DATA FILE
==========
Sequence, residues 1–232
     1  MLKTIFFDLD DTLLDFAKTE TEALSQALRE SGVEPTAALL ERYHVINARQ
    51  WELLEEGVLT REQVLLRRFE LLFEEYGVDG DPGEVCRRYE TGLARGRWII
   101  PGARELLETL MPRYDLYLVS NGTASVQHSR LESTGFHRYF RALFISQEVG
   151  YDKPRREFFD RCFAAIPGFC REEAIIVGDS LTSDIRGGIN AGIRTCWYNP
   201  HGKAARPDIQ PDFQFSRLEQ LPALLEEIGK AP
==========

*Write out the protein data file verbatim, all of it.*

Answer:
Sequence, residues 1–232
     1  MLKTIFFDLD DTLLDFAKTE TEALSQALRE SGVEPTAALL ERYHVINARQ
    51  WELLEEGVLT REQVLLRRFE LLFEEYGVDG DPGEVCRRYE TGLARGRWII
   101  PGARELLETL MPRYDLYLVS NGTASVQHSR LESTGFHRYF RALFISQEVG
   151  YDKPRREFFD RCFAAIPGFC REEAIIVGDS LTSDIRGGIN AGIRTCWYNP
   201  HGKAARPDIQ PDFQFSRLEQ LPALLEEIGK AP